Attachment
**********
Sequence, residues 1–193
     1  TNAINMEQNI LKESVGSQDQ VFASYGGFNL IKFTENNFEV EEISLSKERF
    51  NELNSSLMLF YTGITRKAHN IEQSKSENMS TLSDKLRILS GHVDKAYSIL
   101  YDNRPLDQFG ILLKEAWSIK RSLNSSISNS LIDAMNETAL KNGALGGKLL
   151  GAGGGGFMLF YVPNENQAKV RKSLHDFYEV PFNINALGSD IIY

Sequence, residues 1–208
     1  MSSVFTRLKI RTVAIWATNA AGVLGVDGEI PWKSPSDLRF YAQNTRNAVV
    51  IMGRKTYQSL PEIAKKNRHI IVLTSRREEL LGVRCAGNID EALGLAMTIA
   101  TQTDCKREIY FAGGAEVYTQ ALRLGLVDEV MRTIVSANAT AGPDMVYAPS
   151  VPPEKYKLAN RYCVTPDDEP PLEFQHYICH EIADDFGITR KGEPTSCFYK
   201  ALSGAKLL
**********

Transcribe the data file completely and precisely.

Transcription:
Sequence, residues 1–193
     1  TNAINMEQNI LKESVGSQDQ VFASYGGFNL IKFTENNFEV EEISLSKERF
    51  NELNSSLMLF YTGITRKAHN IEQSKSENMS TLSDKLRILS GHVDKAYSIL
   101  YDNRPLDQFG ILLKEAWSIK RSLNSSISNS LIDAMNETAL KNGALGGKLL
   151  GAGGGGFMLF YVPNENQAKV RKSLHDFYEV PFNINALGSD IIY

Sequence, residues 1–208
     1  MSSVFTRLKI RTVAIWATNA AGVLGVDGEI PWKSPSDLRF YAQNTRNAVV
    51  IMGRKTYQSL PEIAKKNRHI IVLTSRREEL LGVRCAGNID EALGLAMTIA
   101  TQTDCKREIY FAGGAEVYTQ ALRLGLVDEV MRTIVSANAT AGPDMVYAPS
   151  VPPEKYKLAN RYCVTPDDEP PLEFQHYICH EIADDFGITR KGEPTSCFYK
   201  ALSGAKLL